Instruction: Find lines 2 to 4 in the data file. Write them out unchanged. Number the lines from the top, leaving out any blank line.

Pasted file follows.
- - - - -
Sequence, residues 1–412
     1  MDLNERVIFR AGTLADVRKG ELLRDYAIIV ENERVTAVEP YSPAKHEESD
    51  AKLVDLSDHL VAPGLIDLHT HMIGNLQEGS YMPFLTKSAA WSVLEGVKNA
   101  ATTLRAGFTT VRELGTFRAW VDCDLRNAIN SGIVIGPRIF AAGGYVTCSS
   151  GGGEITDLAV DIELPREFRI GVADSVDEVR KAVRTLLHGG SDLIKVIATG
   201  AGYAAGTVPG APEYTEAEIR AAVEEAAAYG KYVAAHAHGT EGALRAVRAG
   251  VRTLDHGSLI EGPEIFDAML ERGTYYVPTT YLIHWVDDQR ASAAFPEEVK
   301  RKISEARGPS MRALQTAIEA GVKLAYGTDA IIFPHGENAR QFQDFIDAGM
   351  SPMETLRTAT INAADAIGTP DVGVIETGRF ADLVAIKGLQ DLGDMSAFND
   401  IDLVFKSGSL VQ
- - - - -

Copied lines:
     1  MDLNERVIFR AGTLADVRKG ELLRDYAIIV ENERVTAVEP YSPAKHEESD
    51  AKLVDLSDHL VAPGLIDLHT HMIGNLQEGS YMPFLTKSAA WSVLEGVKNA
   101  ATTLRAGFTT VRELGTFRAW VDCDLRNAIN SGIVIGPRIF AAGGYVTCSS